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Crusading radio journalist critically wounded in murder attempt

(CMFR/IFEX) - A radio broadcaster is in critical condition after being shot in General Santos City, South Cotabato on 4 August 2008, at approximately 4:30 p.m. (local time).

A gunman riding pillion on a motorcycle shot Dennis Cuesta of dxMD-Radio Mindanao Network (RMN) as he was walking along a public thoroughfare in a crowded area near a shopping mall. Cuesta, who is now in the intensive care unit of a local hospital, had just come from an RMN promotional program. Police said Cuesta was shot five times with a .45 caliber pistol. He sustained wounds to the head and near the spinal column. The attending doctor said that should Cuesta survive, half of his body would be paralyzed. Cuesta is 38 and has seven children.

Dodong Solis, RMN assistant area manager for Mindanao believes that the assassin was a hired killer. "The attack was very professional," Solis said.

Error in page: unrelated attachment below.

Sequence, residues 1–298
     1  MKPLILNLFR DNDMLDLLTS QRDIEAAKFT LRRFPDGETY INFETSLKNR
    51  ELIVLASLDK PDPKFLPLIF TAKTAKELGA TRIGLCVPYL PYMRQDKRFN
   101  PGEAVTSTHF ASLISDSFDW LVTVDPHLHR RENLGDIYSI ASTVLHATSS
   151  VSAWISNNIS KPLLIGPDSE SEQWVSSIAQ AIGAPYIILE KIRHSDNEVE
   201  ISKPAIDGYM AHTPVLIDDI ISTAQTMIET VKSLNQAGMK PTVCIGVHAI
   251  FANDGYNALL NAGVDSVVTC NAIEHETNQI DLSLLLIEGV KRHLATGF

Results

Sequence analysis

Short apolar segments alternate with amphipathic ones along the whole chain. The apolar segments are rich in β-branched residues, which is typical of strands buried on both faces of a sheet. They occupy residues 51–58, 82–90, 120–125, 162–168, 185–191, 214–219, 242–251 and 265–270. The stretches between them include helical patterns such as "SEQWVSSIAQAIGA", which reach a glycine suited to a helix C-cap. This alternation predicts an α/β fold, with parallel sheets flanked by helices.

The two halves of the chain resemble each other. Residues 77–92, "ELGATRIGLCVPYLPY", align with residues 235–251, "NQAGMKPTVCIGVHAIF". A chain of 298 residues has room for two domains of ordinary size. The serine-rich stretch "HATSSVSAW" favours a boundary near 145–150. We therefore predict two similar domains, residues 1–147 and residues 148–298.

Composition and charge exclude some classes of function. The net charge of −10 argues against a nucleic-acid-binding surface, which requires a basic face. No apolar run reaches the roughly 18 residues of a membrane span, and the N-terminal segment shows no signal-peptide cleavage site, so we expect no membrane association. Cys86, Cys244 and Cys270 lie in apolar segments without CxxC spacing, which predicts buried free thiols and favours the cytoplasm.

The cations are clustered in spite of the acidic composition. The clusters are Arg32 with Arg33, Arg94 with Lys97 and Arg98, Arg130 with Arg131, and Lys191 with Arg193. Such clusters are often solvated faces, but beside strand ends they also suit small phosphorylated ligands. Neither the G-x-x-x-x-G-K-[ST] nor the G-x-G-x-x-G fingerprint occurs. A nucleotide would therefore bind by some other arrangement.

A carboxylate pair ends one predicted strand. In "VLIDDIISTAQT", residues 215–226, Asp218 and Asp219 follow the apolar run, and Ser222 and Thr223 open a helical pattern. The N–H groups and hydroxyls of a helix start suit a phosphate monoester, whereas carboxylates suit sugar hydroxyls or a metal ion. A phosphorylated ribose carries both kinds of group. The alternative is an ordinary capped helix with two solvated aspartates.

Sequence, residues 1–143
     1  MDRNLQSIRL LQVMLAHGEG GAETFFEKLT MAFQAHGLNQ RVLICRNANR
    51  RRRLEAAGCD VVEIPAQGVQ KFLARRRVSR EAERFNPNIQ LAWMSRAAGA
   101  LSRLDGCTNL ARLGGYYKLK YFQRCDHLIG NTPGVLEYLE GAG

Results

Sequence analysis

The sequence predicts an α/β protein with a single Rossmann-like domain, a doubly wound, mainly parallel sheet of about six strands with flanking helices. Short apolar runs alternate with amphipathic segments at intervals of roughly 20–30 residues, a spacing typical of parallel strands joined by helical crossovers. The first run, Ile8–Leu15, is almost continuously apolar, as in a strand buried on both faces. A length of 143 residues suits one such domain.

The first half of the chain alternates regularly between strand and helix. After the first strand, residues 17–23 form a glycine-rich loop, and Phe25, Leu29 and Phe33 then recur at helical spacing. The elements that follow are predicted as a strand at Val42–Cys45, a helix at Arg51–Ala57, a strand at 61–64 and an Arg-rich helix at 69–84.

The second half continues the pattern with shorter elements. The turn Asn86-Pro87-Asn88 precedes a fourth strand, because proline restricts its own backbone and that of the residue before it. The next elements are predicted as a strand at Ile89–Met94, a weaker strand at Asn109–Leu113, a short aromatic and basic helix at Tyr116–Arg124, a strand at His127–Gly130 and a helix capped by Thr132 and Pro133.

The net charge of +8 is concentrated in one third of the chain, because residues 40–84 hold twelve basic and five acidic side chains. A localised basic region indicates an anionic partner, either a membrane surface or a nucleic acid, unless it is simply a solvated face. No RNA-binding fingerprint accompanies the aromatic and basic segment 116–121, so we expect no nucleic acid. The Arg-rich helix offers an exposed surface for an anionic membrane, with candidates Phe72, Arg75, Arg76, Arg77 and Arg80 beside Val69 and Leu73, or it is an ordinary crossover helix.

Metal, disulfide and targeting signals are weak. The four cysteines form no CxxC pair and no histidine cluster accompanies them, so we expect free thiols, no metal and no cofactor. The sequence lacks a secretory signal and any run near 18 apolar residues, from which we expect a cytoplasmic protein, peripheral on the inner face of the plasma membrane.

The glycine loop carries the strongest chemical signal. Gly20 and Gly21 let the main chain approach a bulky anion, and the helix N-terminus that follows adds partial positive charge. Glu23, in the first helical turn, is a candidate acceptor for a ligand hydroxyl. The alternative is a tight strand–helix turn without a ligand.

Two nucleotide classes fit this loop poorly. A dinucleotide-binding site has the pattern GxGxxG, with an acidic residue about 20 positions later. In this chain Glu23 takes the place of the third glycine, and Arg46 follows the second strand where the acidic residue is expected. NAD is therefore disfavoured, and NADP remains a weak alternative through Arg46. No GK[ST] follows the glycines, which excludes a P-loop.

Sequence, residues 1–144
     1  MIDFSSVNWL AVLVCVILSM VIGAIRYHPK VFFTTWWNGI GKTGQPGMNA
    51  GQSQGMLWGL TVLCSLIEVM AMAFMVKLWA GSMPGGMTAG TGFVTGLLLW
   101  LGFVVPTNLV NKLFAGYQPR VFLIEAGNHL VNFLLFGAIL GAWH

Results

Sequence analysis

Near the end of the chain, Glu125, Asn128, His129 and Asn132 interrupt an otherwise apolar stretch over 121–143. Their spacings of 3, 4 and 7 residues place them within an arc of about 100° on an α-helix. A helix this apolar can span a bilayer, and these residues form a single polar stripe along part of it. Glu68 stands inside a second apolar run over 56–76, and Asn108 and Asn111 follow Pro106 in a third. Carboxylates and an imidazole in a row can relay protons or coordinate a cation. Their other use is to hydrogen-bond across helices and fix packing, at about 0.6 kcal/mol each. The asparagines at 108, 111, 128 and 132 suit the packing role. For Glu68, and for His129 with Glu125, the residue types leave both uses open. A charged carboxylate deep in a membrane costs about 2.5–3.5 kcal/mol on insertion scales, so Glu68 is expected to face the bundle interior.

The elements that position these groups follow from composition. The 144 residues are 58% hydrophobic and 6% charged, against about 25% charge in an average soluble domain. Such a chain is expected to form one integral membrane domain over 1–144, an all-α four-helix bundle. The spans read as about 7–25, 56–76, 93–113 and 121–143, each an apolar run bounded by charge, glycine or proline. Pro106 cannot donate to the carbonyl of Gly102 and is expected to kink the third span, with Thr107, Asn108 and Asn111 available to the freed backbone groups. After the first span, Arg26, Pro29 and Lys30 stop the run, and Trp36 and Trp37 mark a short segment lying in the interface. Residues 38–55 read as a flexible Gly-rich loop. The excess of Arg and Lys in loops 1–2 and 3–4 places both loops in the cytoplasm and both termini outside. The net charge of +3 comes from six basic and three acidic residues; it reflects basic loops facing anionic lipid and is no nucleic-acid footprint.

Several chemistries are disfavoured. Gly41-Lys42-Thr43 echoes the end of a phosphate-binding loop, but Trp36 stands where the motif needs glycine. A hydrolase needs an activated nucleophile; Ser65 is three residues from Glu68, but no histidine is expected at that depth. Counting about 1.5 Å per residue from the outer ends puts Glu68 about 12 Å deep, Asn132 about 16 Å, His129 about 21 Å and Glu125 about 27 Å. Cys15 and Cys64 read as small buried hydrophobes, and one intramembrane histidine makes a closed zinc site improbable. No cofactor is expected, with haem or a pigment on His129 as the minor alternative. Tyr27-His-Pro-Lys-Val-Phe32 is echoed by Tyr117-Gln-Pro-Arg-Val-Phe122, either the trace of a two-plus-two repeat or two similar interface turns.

Colleagues believe that the attempted murder is related to Cuesta's work as a journalist.

Solis said that barely a month before the incident, in his radio program Sumbong at Aksiyon (Grievance Desk), Cuesta had addressed a complaint submitted by an individual whose village water supply was contaminated. Cuesta subsequently received a telephone call from the secretary of the association believed to be responsible for the contamination, who angrily reprimanded Cuesta for his report. Solis said that the City Health Council investigated the association as a result of Cuesta's broadcast.

Alex Joson, RMN station manager for General Santos, said that after Cuesta's expose on the water contamination, Cuesta began receiving death threats and suspicious individuals were seen roaming the vicinity of the station.

Solis also said that Cuesta had been advised by his wife to resign from his job as radio broadcaster or to request reassignment.

"That incidents like this could happen in broad daylight is a painful reality here. This is very saddening," Solis said. "I hope incidents like this will make the government work to ensure we can do our work safely," Solis added.

Seventy journalists and media practitioners have been killed in the line of duty since 1986 in the Philippines. Five out of the 70 were killed in General Santos.

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